Castronova suspects his eclectic background is why he never made the powerful connections necessary to secure a good academic job. “I’ve always been an outsider. I’ve just been floating around outside communities, sort of flitting from topic to topic,” he said.
With virtual worlds, he had finally hit upon a subject that was exploding into the mainstream. Experimental online worlds had been kicking around for years, but they took a leap forward in 1997, when Ultima Online—a medieval fantasy world similar to EverQuest—launched, and quickly amassed a hun-dred thousand users. The idea of having a second life online suddenly didn’t seem so geeky, or, at the very least, it seemed a profitable niche; companies like Sony and Microsoft swarmed online. Today there are more than fifty active games worldwide, and anywhere from two to three million people playing regularly in the U.S. The games range from Star Wars Galaxies (where you can wander around as a Wookie and fight the Dark Side) to There.com (where you can wander around Disneyfied islands as an attractive Gap-style model and admire your hot new body). In Korea, a single game called Lineage claims more than four million players.
To figure out precisely who was playing EverQuest, Castronova persuaded thirty-five hundred users to fill out a survey. As one might expect, the average age turned out to be twenty-four, and the players were overwhelmingly male. The amount of time spent “in game” was staggering: over twenty hours a week, with the most devoted players logging six hours daily. Twenty percent of players agreed with the cheeky (if alarming) statement “I live in Norrath but I travel outside of it regularly”; on average, each of these “residents” possessed virtual goods worth about $3,000 U.S. “When you consider that the average real-life income in America is only, like, thirty-seven thousand,” Castronova tells me, “you realize these people have a non-trivial amount of wealth locked up inside the games.”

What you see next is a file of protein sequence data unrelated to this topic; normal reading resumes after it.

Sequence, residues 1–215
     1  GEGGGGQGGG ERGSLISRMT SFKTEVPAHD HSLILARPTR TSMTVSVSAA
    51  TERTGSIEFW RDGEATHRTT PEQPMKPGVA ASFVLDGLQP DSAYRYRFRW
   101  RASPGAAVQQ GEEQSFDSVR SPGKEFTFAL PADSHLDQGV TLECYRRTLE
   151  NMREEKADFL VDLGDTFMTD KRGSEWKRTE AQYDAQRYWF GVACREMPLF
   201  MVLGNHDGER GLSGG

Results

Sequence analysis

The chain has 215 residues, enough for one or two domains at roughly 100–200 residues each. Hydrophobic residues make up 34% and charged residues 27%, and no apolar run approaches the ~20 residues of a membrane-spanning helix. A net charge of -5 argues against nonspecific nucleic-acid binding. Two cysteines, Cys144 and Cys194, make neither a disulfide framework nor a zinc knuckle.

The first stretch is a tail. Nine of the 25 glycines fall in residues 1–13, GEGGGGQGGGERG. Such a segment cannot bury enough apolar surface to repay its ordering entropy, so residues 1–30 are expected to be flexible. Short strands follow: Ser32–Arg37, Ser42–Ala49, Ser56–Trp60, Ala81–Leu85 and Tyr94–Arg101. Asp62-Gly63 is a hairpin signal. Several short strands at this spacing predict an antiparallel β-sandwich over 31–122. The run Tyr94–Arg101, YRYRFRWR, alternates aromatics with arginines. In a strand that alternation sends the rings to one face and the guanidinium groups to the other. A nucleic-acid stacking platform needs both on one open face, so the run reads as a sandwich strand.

When he finished his research, Castronova assembled it in a paper called “Virtual Worlds: A First-Hand Account of Market and Society on the Cyberian Frontier.” He submitted it to an academic Web site, the Social Science Research Network, that distributes working papers, free for anyone to read. The site has 43,982 papers, by more than 37,000 authors. He didn’t expect too much. “I thought maybe seventy-five people would read it,” he recalls, “and that’d be great.”